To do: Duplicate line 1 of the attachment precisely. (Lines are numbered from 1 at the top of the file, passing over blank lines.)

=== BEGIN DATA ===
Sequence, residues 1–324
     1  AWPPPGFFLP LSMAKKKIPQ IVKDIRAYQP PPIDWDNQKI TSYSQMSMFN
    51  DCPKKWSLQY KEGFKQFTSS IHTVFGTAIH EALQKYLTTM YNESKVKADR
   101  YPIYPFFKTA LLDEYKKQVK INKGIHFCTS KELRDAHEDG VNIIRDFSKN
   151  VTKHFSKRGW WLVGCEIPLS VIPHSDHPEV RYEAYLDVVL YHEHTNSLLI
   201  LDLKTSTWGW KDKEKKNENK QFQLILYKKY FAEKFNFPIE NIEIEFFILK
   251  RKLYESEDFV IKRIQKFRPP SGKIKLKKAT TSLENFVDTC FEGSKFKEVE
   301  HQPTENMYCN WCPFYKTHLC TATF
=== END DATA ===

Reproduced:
Sequence, residues 1–324